Maynard Switzer  |  Aug 27, 2012  |  First Published: Jul 01, 2012  |  2 comments

Often people will ask me, “How do you get that great color in your photos?” I appreciate the compliment, but it’s usually followed by, “You must do a lot of retouching.” Actually I don’t. I will do a little color enhancement, but how color looks in my images has to do partly with how I set certain camera controls, how I control or use lighting in the scene, and how I compose the photograph.

Josh Miller  |  Aug 26, 2011  |  First Published: Jul 01, 2011  |  8 comments
Ever since I was a kid and visited the Grand Canyon for an hour with my family, I have dreamed about going back and seeing the canyon from the river’s perspective. So when some friends invited my wife and me on a 21-day trip after they had waited 15 years for a private permit, it wasn’t hard to commit. The permit covered nearly the entire month of March, when crowds are smaller and no motorized boats or guides are allowed on the river.
Clint Farlinger  |  Aug 10, 2011  |  First Published: Jul 01, 2011  |  1 comments
My great-grandparents homesteaded in the northern part of the Black Hills around the turn of the 20th century, but found the environment too inhospitable for traditional farming and moved to eastern South Dakota. But that bond to the Black Hills continues to be passed down through my family, and I’ve visited the area on a regular basis since I was a little boy. My earliest travels with a camera were to the Black Hills during my early teens on family vacations, with resulting photos that failed to show how the area made me feel. As my photographic skills improved I’ve returned many times, but have only yet begun to scratch the surface of the numerous natural wonders located in the Black Hills.
Joseph A. Dickerson  |  Aug 05, 2011  |  First Published: Jun 01, 2011  |  0 comments
If you’re a sucker for forested mountains, fjords, alpine lakes, crystalline streams, seaside villages, and very cosmopolitan cities, well, one anyway, I’d like to introduce you to a special place. In addition, if you’re in North America anyway, it’s easy to get to. This enchanted land is…drum roll…Vancouver Island.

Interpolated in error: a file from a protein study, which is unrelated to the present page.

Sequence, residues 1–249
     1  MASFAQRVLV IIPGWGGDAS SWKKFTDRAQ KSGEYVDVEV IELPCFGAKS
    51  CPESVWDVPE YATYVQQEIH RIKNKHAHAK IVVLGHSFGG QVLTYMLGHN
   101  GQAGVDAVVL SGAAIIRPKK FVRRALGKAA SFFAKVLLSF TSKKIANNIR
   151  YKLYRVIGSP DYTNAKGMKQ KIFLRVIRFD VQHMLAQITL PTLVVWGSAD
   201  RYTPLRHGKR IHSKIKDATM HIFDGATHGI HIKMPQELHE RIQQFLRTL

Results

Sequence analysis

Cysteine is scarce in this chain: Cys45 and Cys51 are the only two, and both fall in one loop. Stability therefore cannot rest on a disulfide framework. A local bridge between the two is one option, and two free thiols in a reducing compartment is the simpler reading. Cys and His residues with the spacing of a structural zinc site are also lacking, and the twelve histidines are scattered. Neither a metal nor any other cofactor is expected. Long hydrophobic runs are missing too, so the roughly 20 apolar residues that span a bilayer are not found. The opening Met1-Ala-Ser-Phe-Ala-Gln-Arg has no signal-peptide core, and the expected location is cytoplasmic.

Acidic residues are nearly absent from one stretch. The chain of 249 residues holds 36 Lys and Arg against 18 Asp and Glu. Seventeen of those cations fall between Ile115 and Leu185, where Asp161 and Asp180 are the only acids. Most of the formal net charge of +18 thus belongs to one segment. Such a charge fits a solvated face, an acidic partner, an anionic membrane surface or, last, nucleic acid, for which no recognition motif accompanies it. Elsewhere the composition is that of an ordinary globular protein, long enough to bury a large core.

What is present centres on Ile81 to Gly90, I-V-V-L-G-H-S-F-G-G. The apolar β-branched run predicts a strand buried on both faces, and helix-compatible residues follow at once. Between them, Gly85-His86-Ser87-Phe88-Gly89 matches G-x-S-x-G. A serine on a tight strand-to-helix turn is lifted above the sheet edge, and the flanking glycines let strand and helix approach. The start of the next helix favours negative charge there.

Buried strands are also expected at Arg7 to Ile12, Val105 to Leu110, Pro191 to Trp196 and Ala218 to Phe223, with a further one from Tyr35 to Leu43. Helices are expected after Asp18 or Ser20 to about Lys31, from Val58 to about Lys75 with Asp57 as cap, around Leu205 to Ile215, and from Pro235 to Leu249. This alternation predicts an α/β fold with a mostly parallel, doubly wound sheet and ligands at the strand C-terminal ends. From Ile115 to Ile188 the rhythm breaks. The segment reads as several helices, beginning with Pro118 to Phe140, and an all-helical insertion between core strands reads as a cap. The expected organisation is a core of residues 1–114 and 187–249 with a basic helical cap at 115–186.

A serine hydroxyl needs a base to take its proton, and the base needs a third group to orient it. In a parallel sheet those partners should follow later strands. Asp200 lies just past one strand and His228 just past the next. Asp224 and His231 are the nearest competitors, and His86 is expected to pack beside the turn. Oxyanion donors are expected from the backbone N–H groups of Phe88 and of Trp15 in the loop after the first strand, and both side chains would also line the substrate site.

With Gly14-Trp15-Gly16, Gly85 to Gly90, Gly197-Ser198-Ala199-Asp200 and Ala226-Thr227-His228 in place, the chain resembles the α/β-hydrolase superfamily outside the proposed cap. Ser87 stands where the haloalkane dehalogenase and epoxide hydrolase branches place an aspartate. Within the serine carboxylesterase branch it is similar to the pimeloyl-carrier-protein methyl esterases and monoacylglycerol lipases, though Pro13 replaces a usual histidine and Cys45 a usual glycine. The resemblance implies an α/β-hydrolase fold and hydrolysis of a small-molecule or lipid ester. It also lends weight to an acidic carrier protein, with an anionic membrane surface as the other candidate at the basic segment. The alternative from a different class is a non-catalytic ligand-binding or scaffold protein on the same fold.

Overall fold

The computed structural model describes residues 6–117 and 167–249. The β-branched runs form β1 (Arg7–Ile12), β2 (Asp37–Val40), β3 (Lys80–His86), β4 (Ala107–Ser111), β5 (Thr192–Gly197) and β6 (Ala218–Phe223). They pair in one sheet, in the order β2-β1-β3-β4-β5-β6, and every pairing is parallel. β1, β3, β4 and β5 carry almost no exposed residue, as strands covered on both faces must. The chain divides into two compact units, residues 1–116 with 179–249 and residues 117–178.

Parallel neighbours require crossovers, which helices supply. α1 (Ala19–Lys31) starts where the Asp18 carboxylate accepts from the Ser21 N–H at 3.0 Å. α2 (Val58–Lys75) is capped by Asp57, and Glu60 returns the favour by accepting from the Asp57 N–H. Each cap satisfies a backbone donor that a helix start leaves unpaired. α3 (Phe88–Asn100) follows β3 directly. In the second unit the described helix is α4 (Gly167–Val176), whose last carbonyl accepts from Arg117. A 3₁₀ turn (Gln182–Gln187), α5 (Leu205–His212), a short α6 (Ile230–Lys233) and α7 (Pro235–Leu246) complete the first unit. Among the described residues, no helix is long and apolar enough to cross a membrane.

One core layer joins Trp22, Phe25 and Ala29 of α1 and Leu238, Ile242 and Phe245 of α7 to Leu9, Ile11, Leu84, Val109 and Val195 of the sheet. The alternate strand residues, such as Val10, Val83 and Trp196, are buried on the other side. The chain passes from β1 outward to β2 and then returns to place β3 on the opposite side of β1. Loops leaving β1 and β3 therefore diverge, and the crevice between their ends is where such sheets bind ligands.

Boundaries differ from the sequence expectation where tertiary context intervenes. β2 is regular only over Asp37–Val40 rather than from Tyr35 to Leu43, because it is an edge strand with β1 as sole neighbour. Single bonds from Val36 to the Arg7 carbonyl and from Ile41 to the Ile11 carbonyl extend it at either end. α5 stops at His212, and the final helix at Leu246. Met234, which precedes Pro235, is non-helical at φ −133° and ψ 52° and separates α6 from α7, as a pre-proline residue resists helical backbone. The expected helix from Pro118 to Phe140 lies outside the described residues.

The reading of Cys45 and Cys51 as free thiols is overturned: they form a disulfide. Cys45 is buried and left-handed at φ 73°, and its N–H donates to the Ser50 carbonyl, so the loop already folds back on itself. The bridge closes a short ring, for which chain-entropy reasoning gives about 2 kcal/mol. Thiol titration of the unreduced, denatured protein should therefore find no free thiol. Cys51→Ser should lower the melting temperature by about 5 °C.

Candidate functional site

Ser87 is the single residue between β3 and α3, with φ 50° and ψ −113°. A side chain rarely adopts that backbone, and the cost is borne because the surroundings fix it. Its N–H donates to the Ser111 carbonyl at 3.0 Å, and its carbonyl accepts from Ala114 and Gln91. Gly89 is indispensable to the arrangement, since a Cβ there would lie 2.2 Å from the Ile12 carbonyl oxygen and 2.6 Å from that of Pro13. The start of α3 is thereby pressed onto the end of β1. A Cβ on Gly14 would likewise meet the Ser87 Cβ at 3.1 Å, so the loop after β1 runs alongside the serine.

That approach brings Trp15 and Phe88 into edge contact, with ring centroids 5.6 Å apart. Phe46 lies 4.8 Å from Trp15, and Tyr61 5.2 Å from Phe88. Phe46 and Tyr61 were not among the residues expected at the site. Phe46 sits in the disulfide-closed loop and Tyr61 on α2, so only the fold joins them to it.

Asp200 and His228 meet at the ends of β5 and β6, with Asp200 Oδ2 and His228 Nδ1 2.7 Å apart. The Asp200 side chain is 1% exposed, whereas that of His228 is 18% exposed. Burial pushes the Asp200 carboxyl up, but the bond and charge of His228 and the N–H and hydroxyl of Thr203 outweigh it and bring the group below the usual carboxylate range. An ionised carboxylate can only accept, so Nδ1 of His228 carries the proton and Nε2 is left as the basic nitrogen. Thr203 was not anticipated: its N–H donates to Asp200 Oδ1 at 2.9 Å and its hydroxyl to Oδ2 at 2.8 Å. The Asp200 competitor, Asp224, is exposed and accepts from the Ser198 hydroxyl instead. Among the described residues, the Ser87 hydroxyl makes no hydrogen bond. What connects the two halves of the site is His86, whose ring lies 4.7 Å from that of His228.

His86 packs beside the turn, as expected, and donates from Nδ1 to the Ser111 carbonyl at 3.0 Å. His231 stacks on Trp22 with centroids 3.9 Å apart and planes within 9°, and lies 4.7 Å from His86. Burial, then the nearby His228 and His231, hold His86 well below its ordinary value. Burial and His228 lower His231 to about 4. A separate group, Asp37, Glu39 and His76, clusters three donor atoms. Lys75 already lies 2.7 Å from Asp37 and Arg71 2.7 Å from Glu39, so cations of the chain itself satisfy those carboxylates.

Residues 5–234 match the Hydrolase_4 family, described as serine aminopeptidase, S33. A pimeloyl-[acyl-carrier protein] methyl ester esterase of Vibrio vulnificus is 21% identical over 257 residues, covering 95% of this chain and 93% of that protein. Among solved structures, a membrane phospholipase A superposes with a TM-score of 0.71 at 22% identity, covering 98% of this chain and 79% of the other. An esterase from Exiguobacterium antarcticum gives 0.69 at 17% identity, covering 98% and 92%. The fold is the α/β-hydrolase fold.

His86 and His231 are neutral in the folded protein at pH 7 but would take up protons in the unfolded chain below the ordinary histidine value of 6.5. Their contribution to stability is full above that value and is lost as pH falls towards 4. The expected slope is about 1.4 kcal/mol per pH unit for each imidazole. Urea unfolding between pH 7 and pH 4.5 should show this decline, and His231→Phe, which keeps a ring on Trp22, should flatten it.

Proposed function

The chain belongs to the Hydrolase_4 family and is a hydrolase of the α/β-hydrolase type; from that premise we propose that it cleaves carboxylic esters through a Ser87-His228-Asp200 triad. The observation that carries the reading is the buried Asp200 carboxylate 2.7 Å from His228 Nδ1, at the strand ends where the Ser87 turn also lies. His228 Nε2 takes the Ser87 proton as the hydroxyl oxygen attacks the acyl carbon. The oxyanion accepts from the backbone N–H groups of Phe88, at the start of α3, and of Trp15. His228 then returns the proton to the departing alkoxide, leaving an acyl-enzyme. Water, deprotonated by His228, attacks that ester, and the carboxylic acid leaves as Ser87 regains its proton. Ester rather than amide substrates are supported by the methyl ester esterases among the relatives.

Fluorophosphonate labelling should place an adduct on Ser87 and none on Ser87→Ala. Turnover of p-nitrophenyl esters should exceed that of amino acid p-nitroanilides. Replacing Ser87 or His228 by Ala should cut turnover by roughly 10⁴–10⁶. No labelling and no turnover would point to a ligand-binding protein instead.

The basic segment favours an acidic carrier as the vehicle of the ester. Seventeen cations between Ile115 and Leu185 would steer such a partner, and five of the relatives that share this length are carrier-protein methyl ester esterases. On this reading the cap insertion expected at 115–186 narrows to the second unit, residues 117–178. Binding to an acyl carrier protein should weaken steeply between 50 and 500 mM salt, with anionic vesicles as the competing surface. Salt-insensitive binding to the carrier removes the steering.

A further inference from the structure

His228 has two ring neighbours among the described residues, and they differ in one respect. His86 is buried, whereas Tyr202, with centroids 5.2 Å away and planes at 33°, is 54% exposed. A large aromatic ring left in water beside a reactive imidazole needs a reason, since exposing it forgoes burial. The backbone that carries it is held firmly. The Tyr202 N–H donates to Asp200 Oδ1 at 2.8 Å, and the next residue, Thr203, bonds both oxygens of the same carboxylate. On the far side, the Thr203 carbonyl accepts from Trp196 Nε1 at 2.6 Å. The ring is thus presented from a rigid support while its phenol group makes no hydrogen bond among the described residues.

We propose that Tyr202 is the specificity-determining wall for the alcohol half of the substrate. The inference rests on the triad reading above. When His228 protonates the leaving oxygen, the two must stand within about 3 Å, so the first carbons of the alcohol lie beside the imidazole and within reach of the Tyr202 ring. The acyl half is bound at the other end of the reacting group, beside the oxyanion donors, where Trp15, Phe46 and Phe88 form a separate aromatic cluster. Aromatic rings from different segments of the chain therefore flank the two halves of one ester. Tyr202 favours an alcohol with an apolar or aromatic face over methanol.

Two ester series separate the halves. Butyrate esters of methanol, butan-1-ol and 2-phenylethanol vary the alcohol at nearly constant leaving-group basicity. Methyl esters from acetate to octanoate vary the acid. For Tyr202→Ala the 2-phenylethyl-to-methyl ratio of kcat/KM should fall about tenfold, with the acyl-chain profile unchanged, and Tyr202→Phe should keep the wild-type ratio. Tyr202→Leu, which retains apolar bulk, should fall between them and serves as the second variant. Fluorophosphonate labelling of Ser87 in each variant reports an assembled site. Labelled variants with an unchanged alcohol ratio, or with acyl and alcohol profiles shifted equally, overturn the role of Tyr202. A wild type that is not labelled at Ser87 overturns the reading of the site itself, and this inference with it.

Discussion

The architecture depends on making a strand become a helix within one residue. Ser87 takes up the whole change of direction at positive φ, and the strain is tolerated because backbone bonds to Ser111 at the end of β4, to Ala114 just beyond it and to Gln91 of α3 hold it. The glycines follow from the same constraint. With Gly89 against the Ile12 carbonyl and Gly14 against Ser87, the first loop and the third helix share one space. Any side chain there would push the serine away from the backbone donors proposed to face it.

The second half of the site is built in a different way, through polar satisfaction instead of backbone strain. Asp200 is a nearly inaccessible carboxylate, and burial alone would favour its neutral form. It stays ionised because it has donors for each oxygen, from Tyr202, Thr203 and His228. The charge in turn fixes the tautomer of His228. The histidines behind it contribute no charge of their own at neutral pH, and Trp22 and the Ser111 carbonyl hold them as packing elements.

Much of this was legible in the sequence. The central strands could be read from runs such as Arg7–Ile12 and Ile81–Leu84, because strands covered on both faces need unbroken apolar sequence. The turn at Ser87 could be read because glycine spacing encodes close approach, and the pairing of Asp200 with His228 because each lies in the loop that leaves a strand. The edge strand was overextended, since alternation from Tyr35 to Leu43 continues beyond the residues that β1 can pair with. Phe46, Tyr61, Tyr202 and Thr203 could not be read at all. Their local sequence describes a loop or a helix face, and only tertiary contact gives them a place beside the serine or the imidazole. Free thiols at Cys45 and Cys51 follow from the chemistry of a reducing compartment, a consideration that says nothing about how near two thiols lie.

Chuck Graham  |  Apr 01, 2011  |  0 comments

Anza-Borrego Desert State Park, located in the Colorado Desert (two hours east of San Diego and three hours south of Los Angeles), is California’s largest state park. It’s also a World Biosphere Reserve meant to demonstrate a balanced relationship between man and nature.

The park encompasses 600,000 acres containing 500 miles of dirt roads, 12 wilderness...

Gary Fong  |  Mar 01, 2011  |  1 comments

Many photographers will walk out the door for a portrait shoot with little more than a camera and a reflector. They do so based on the common belief that flash photography is meant exclusively for indoor shooting, that flash is only used when there isn’t enough light to achieve a perfect exposure. However, based on my experience, a flash combined with a few affordable accessories has tremendous...

Maynard Switzer  |  Jan 01, 2011  |  0 comments

Ten years ago, when I was primarily a fashion photographer, I did a shoot in Cuba. Normally I’d have used medium and long telephoto lenses, but because the narrow streets I was shooting on featured colorfully painted walls, I switched to a 35mm lens. With that lens I was able to show not only the models but also the background, which revealed a bit about the location. Equally important, I...

Jack Neubart  |  Dec 01, 2010  |  1 comments

Berlin is a vibrant city, alive with a history, culture, and counterculture all its own. I didn’t expect to fall in love with it, but did. Interestingly, everywhere you turn in this metropolis you see huge derricks craning their necks in the midst of constructing yet another building. While many scenes may reflect this burgeoning vitality, there are countless views free of any construction...